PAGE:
I have a fairly small vocabulary (<100) and solid amount of samples (10k). How can I estimate how many iterations I need for basic input -> output mapping (no word features).
I think you should just set a high iteration number and monitor the metric you care about (e.g. the evaluation loss) and manually stop the training when this metric meets your expectation.
Then for future training, you can use this knowledge to set a more precise value.
Until recently I used an earlier version of opennmt(-py) that would use epochs instead of training steps.
While I can calculate based on the data how many training steps I would require (more or less), I find it rather cumbersome and I don’t see the benefit of using steps to epochs.
Furthermore, the validation also runs on predetermined number of steps and scores a model after that many steps which for some models (trained on large data) may be quite early in the training processes but for others (trained on small data sets) may be after many iterations when the model has already reached maximum performance many iterations before that. This means that saving and validation are two extra parameters that need to be empirically explored.
Also, while it is easy to compare two (or more) models trained for the same number of steps, such a comparison is not realistic, given that the one may have iterated over the data much more times than the other.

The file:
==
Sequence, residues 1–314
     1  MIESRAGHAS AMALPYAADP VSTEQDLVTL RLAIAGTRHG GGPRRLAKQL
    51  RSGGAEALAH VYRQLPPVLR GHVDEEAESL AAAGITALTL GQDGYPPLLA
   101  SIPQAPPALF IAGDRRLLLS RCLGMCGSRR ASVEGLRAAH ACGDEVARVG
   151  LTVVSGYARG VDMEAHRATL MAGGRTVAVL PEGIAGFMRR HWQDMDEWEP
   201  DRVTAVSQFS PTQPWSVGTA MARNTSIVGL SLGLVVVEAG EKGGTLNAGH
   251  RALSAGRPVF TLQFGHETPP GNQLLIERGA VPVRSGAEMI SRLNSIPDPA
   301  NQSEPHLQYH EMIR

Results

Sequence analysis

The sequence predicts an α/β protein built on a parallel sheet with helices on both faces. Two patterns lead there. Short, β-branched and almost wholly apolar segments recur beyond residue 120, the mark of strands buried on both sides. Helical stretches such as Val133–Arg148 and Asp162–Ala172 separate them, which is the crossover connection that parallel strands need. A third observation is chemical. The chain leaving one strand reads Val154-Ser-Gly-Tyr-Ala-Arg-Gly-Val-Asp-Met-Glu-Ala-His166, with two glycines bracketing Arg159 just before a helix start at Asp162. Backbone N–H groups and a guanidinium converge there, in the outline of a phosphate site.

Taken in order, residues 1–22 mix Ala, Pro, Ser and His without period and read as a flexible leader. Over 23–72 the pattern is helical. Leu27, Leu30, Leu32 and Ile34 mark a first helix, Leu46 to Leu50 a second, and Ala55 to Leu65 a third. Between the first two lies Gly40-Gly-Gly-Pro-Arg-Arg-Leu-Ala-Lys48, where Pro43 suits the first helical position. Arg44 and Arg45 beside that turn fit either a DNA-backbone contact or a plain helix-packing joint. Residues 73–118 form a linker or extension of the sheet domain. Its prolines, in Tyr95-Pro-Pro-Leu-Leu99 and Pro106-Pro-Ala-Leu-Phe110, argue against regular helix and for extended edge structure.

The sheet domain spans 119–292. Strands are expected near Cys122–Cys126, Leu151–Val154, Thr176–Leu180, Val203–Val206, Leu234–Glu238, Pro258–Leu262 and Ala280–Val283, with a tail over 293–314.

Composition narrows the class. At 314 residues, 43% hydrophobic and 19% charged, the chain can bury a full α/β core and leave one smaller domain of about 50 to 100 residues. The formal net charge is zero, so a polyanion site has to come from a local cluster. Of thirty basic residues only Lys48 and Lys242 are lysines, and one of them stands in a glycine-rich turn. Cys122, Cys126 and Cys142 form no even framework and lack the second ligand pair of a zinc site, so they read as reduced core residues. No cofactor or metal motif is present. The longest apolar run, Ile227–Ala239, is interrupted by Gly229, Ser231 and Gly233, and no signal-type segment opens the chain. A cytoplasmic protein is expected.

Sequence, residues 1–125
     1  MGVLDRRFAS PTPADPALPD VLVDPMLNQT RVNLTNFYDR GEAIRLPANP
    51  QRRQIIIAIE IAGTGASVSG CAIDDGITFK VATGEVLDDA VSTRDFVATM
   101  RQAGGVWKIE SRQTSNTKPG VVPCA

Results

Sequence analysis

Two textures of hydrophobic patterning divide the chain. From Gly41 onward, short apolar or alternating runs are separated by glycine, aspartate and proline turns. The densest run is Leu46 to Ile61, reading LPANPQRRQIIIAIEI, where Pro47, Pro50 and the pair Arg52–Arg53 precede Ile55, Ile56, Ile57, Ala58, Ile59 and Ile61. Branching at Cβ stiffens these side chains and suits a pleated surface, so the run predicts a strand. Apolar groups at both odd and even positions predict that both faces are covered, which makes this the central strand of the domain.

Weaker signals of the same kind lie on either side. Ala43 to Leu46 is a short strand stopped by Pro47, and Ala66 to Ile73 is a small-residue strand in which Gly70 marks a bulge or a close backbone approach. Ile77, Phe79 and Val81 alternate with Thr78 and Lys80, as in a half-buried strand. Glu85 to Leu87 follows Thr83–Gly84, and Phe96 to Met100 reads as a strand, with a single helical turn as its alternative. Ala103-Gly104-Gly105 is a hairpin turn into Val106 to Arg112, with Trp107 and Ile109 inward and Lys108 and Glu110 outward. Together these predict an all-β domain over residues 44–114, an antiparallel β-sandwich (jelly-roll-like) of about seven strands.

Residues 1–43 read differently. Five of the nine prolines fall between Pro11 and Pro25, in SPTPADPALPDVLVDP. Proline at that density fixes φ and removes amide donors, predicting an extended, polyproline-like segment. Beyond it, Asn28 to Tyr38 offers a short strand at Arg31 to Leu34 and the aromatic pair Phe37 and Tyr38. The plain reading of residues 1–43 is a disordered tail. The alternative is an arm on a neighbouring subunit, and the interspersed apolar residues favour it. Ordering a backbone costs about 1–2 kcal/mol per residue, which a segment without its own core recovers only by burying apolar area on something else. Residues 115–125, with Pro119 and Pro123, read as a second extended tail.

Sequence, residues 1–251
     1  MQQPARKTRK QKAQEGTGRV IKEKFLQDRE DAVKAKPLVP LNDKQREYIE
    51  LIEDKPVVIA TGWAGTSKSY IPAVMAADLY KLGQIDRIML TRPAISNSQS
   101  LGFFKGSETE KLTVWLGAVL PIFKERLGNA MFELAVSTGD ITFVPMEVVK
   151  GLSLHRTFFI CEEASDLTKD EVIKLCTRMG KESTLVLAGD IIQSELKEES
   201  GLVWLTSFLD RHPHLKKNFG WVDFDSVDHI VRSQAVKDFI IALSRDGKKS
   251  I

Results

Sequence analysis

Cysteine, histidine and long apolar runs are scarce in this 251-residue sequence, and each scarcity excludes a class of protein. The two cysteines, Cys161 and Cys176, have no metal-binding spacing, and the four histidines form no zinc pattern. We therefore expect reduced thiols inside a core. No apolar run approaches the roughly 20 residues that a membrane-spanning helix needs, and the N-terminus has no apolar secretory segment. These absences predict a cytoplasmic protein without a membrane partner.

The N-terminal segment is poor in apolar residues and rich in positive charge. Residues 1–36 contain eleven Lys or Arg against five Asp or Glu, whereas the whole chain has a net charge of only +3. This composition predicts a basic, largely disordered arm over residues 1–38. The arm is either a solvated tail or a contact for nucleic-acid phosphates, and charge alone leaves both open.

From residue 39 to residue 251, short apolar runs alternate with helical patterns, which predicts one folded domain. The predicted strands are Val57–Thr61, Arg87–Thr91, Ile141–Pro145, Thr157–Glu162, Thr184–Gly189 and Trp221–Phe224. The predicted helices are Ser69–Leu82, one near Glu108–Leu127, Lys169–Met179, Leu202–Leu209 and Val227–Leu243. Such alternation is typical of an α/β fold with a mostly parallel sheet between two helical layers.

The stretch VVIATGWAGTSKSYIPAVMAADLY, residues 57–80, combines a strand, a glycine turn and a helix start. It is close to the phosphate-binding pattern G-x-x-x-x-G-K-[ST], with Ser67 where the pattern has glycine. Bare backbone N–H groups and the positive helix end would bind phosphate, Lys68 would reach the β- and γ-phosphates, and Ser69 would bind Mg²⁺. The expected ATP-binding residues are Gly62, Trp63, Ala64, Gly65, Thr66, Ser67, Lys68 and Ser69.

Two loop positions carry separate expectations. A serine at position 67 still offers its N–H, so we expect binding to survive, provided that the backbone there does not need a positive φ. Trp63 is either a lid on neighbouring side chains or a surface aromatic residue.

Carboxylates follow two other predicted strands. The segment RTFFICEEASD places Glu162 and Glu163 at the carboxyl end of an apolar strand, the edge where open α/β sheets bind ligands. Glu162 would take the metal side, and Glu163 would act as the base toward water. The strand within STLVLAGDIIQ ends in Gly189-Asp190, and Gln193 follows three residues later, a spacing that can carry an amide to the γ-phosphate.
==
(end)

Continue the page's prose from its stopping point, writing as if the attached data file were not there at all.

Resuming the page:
Anyone has any suggestion how to improve the training setup?
One way to fix this, is maybe, validate after each epoch. Also you can have an early stopping on either training or validation perplexity (where validation is ran after each epoch).
It seems to me that the issues you raised are actually drawbacks of epoch-based trainings, not step-based.
The issue with epoch-based training is specifically that it is dependent on the training data size, and thus model saving and validation may occur at different stages of the training.
In contrast, step-based training is independent of the dataset size and you can define a configuration that works and is comparable whether the training data is large or small.
In your message, you should literally change “number of steps” to “epochs” for it to be accurate:
Thanks for the clarification. I think these are different perspectives to the same issue. For me comparing two models with perspective to how many times the complete data set has been used is more important than to how many forward/backward propagations have been ran.
And do you know if there any work on early stopping for a next version of OpenNMT?
Yes, I’m fairly confident it will happen in both OpenNMT-py and -tf soon.
Great, thanks a lot.